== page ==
His thought was...the more (specifically middle class) black women open themselves up to non-black men and pursue these relationships, the less black women there will be in the pool for (middle-class, high achieving) black men to mess over (essentially). Reducing the pool of black women for these men to choose from would mean that there would be more competition for the black women left in the pool that did not seek interracial relationships, and then black men would treat the women better in this relationships because they were competing more for their affections. More black women seeking interracial relationships would therefore even the marriage gap in the middle-class, meaning more middle-class, high achieving black men would seek to marry comparable black women, less of these women would "marry down" and less would seek working-class black men as they are now (in statistically unsuccessful marriages and relationships), and more of those men would be available for their lower class black women, and...
I'm not sure how this is really benefiting lower class black women. Most of his focus and all of his interviews are focused on middle class black women, and lower class black women are left to victim status. I feel like he represents them as past the point of rescue, showing statistically that marriage has ceased to exist for poor blacks.
His treatment of this lower class is at times other in a way that his defense sometimes feels patronizing. In this narrative, I feel like they are, again, the invisible victims that the likes of Bill Cosby, a now disconnected, old-school middle class black, and Barack Obama (where do you begin?) cannot understand when they call on black fathers to take more responsibility for the children they begot.
Even though he expresses shock that black women bear so much of the burden internally on trying to keep the race together, essentially--they are concerned with preserving blackness in their children, both culturally and phenotypically (a thought process I can identify with), preserving the community by supporting "our" men, all sentiments that are not shared so readily by our male counterparts--the best solution he has after all that data, so it seems, is that some black women take it for the team and marry out.
I say this all the while being the type of black woman that, in spite of feeling a strong sense of duty towards the black community, has never limited herself conceptually to black men. The first man I ever loved, the man I loved the hardest, was South Asian. Nor have I completely tuned out black men. I am not only attracted to black men. But there are ways in which it is easier and more automatic for me to be attracted to people of color, I must admit.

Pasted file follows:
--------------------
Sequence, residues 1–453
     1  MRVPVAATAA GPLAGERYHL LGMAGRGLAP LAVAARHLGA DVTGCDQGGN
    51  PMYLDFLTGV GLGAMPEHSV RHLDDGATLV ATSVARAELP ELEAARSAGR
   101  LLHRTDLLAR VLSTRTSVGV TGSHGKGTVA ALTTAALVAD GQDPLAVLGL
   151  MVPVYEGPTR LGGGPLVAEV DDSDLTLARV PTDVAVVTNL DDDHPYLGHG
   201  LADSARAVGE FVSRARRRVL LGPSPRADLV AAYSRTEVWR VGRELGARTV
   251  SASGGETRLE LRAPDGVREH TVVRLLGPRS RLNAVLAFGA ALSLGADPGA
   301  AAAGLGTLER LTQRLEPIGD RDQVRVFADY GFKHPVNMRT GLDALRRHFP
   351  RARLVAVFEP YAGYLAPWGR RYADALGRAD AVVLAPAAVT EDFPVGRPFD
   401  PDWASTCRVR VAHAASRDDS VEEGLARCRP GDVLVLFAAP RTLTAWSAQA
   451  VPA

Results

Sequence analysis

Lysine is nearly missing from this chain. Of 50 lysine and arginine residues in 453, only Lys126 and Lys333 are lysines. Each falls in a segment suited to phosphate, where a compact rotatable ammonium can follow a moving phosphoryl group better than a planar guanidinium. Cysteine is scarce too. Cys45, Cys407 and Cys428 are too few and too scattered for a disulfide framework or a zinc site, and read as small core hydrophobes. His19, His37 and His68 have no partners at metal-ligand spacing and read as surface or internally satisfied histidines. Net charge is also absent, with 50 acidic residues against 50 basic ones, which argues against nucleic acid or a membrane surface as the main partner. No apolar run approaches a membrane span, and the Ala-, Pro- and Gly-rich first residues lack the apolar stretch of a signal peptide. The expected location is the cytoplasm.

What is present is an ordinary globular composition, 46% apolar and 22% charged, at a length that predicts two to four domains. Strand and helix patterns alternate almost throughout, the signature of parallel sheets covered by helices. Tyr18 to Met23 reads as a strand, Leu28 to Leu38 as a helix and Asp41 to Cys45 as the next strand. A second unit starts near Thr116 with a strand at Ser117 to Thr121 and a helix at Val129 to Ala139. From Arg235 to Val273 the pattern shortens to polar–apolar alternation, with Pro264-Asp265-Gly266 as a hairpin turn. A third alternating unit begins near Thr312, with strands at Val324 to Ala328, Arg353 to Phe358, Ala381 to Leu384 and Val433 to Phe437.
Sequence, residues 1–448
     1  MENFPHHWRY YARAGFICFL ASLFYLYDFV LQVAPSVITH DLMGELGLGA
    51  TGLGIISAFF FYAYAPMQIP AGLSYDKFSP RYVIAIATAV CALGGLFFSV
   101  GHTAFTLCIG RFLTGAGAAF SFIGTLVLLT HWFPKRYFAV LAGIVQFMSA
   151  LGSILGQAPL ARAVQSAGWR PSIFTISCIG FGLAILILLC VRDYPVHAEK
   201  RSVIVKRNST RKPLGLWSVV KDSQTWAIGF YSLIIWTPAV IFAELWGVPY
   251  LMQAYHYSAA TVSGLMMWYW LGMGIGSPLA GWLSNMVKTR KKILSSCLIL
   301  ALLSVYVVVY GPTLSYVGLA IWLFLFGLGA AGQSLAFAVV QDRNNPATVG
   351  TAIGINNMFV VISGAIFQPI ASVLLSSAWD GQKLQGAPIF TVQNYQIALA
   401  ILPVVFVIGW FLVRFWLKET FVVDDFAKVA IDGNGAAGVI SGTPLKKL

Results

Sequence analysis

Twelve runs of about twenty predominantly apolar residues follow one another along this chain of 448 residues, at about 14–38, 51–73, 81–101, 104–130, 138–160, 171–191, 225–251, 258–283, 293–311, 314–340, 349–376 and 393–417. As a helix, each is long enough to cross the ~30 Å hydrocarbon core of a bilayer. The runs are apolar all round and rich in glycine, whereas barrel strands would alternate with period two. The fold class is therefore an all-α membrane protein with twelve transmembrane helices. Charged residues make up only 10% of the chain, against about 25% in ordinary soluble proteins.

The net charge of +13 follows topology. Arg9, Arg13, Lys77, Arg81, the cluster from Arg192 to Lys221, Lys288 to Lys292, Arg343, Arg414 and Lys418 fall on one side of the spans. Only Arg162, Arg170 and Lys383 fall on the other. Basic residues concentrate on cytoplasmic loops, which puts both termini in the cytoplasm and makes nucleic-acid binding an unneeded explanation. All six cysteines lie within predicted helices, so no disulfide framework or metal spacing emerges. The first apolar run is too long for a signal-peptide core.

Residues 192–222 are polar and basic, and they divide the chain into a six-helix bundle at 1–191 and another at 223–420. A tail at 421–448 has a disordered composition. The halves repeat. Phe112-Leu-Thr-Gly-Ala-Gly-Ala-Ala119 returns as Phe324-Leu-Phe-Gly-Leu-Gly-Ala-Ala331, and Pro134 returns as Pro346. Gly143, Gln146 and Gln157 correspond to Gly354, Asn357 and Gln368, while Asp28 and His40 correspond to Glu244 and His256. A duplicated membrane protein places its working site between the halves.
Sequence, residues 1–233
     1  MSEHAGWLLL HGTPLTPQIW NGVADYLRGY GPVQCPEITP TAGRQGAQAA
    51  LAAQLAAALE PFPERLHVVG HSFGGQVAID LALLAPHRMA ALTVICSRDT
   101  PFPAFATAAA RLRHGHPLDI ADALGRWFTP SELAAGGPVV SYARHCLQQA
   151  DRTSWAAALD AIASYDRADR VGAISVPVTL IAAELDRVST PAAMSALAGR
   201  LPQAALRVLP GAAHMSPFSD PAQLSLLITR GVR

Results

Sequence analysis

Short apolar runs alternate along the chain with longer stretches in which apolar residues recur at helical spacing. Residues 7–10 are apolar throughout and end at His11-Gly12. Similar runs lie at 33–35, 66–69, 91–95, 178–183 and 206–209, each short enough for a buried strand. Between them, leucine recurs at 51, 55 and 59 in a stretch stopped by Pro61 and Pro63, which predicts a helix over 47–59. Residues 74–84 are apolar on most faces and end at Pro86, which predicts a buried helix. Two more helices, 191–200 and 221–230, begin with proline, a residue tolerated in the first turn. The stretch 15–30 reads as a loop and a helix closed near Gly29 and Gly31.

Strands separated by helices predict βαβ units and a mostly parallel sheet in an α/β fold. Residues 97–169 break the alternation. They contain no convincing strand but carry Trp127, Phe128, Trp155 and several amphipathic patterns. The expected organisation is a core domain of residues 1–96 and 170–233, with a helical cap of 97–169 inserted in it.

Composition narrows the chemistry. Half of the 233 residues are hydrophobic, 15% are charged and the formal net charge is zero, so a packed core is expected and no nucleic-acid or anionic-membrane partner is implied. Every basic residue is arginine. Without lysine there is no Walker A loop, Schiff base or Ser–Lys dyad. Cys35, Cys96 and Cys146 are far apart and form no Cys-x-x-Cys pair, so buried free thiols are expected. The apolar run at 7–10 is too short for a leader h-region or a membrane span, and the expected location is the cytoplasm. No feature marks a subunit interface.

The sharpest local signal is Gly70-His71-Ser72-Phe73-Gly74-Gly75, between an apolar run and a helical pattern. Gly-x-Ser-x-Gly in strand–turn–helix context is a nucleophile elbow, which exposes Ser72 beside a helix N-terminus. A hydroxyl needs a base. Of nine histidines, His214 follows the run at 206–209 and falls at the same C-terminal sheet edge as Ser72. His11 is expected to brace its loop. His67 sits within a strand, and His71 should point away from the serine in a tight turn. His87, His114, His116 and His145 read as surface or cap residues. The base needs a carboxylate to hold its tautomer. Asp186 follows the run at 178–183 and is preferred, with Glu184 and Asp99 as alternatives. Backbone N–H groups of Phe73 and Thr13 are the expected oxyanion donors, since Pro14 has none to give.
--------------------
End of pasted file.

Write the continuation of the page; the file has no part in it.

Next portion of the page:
So I can understand how a black woman would be uniquely attracted to black men, as many of the women in the book expressed.
In the face of how many black women prefer black men, suggesting (middle class) black women to marry out does feel like taking one for the team.
It's all back in the hands of black women. Black men, with their propensity for "man sharing" and all other foolishness, their lack of sense of duty of racial preservation (not all, but enough that the surplus of interracial relationships with black men ending up with non-black women contributes to the partner shortage for black women), are no active player in the solution at all. They are just passive actors, persuaded to actually commit to intelligent, accomplished black women only after they see that non-black men are sweeping them up and there's less of them to come by.
I certainly thing that more people should consider interracial relationships. That will help break down barriers and gradually make it easier, as it already is easier for those of us than it was just decades ago. But placing the fate of relationships and marriage in women's hands is irresponsible. There are certainly other solutions that involve men being better people.
The name of the book, in fact, comes from a group of young black boys asking how to be better fathers, and presented with the idea of meeting with married couples to explore that. The boy who asked the question said he wasn't interested in hearing about marriage, and his friend said, "Marriage is for white people." Telling, that this is the origin of the book, young black boys not feeling a connection to marriage, and yet, the solution lies in mature black women.